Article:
Tamil Nadu’s culinary scene is more vibrant than ever. It’s the same across India where local content creators and a growing dining out scene are changing the way we eat and document these memories. While traditional Tamil cuisine remains the mainstay of the state’s diverse culinary scene, the big cities in one of India’s most urbanised states are being shaped by a blend of international and domestic culinary trends. From Chennai’s vibrant Asian dining scene to Madurai’s authentic street food scene to biryani spots in Dindigul, we take you through some of Tamil Nadu’s most vibrant food cities.
Here Are 4 Best Foodie Cities Of Tamil Nadu:
Thoongangaram – the city that never sleeps. Madurai is one of the world’s oldest inhabited cities with a colourful history that dates back over two millennia. It also plays out in the city’s food scene. Heirloom recipes rule the roost, restaurants where masalas are still hand-ground and where factory-made masalas are frowned upon. If mutton is your thing, then you will enjoy Madurai. The three-tier kari (meat) dosai at Konar Mess a Madurai legend – a thick dosa, an omelette and a layer of minced mutton. This is not a dosai you can take lightly! Another local favourite is the Kola Urundai – melt-in-your-mouth mutton balls. Vegetarians flock to Murugan Idli shop (now a household name in Chennai) for their soft, almost sticky idlis served with an array of chutneys. Wash it all down with a Jigarthanda (try it at Famous Jigarthanda), Madurai’s most popular dessert and its own spin on a falooda.
Tamil Nadu’s second city is also in the heart of the erstwhile Kongunad region once the fiefdom of the mighty Chera dynasty with a unique culinary identity within Tamil Nadu cuisine. You will find similar flavours in Salem (less than two hours away and another must-do street food destination). One of the most popular dishes from Kongunad is the Pallipalayam chicken – pan-fried nuggets of chicken flavoured with a zesty masala and finished with coconut slivers. Check this out at Valarmathi Mess or Hari Bhavan. Don’t leave town without a stop at one of Coimbatore’s iconic food establishments – Annapoorna or AP in local parlance. Their ghee roast dosa and filter coffee is a local favourite. Coimbatore also offers a host of International dining experiences, from KOVE which is positioned as a progressive International cuisine restaurant to the French Door which is one of the city’s most atmospheric cafes.
Along with Ambur, Dindigul is one of Tamil Nadu’s quintessential biryani towns. Dindigul is en route to Kodaikanal, one of the state’s most favourite hill stations. That’s one reason, its biryani has become even more popular – Dindigul’s biryani eateries provide the perfect lunchtime pitstop for road trippers from Chennai and Bengaluru. Thalapakatti, one of South India’s best-known biryani chains can take credit for making Dindigul’s biryani famous. One of our favourite biryani restaurants is Ponram. There’s also Venu biryani that does a terrific version of the traditional Dindigul biryani that’s crafted with Seeraga Samba, a flavourful varietal of small grain rice. The other local favourite – available at most of these biryani ‘hotels’ is the fluffy, ball-shaped karandi (Tamil for ladle) omelette.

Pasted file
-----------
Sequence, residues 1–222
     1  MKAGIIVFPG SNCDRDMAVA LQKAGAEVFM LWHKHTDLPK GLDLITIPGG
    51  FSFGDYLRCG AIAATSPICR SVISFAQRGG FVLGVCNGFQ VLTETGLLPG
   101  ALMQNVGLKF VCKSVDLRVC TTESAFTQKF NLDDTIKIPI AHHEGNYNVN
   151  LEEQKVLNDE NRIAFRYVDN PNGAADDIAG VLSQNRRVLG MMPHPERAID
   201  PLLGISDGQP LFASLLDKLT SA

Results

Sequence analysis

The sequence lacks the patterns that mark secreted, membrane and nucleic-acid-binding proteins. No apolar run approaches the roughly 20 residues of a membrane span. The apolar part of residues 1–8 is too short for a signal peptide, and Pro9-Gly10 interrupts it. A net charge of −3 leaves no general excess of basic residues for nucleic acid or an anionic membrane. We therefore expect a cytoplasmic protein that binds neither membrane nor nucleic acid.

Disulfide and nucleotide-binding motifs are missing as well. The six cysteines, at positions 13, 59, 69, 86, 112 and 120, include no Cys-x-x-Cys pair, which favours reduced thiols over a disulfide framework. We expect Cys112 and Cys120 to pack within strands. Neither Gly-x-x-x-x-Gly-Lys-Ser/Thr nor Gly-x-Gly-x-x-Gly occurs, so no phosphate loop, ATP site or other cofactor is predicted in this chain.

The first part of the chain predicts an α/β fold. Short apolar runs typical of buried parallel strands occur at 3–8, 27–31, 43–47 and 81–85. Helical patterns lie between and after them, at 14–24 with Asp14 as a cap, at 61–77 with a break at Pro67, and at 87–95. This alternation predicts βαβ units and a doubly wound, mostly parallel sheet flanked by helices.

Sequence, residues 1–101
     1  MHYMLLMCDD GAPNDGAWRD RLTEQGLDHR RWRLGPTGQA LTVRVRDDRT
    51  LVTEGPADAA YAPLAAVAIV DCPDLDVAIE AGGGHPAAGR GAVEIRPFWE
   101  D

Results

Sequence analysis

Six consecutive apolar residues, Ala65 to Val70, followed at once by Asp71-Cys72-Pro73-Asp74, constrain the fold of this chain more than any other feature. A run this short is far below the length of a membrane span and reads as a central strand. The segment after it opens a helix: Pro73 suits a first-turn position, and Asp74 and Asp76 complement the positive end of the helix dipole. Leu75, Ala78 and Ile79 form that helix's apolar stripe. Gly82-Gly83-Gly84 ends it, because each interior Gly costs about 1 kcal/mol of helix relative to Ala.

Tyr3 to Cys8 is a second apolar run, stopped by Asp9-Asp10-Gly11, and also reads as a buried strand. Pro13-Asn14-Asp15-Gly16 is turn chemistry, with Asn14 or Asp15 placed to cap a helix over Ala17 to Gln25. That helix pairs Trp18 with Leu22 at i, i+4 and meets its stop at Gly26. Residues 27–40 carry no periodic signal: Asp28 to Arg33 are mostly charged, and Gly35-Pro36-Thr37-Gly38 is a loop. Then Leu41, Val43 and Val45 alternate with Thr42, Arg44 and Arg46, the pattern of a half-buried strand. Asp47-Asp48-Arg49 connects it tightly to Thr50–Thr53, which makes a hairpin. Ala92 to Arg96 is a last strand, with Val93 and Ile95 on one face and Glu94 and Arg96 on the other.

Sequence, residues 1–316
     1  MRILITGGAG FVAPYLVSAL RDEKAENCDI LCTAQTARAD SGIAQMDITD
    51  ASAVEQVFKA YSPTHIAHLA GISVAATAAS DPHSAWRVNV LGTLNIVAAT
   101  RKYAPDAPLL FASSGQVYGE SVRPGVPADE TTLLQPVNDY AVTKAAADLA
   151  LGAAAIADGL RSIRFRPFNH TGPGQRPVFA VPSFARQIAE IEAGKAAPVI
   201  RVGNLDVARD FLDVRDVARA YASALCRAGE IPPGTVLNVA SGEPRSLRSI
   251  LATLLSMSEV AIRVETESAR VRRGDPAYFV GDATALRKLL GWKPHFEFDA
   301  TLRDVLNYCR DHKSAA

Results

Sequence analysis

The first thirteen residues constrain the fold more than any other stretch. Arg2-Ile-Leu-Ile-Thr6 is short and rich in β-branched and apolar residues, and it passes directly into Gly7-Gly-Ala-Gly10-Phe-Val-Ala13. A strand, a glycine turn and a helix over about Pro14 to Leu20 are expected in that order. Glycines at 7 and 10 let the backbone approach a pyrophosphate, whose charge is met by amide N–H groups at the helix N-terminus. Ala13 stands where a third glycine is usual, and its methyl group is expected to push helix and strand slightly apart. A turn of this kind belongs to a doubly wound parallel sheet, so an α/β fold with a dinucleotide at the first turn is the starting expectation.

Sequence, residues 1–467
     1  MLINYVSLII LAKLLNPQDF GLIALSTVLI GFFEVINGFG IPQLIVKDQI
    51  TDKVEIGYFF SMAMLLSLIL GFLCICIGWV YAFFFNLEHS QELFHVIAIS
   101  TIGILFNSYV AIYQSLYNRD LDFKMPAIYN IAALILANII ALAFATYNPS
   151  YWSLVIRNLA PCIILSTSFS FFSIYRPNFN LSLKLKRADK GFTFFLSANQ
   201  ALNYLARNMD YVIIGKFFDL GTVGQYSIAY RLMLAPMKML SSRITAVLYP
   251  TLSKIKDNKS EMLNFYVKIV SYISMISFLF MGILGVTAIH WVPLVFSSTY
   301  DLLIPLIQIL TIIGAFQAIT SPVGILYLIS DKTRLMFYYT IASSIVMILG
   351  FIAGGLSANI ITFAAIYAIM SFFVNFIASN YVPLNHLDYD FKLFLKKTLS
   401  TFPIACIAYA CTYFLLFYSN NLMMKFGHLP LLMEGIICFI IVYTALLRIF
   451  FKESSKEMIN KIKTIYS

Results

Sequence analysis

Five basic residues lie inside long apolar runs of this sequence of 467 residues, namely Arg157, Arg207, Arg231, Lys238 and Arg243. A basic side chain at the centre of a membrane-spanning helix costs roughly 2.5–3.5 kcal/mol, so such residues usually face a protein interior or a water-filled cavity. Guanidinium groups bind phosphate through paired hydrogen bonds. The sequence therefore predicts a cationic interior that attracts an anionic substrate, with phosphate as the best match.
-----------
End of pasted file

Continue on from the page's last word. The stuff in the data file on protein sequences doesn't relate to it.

One of India’s most vibrant culinary destinations where the past and future converge. Start your Chennai culinary trail in old neighbourhoods like Parrys (the erstwhile George Town). This is where the British Empire in India took wings from Fort St. George. You will find a strong influence of Andhra cuisine in restaurants like the National Lodge. This area has also been home to the city’s Marwari community for generations – expect the best chaats and Rajasthani cuisine. Kakada Ramprasad’s famous badam milk and the pav bhaji at Novelty are both compelling options in this area. Mylapore is the heart of Chennai’s spiritual and cultural scene. It’s also where you can indulge in evening ‘tiffin’ (snacks like the keerai or spinach vadai or Mysore bonda) with filter coffee at outlets like Mylai Karpagambal Mess and Mami Mess.
For a true taste of Chennai head to the North of the city where some of the finest seafood is available in fish markets. The city’s beaches like Besant Nagar and Marina also offer fresh catch of the day in their busy stalls. Biryani hubs like Buharis (where the Chicken 65 first made its appearance) are an integral element of the city food scene. Chennai has one of the largest populations of Korean and Japanese expats. One reason why you will be spoilt for choice for Asian cuisine. Aeseo is one of the finest Korean restaurants in India and compact eateries like Oji Ramen and GoGo Ramen score with their ramen bowls.
Chennai has one of India’s most evolved café cultures with popular spots like Amethyst, Chamiers Café and newer spots like Entrance Café. The city’s luxury hotels offer a wide array of domestic and international cuisines. Avaratana at ITC Grand Chola offers a contemporary take on South Indian cuisine while all-day diners like Spectra at The Leela Palace offer massive Sunday brunches.
Sourtce : NDTV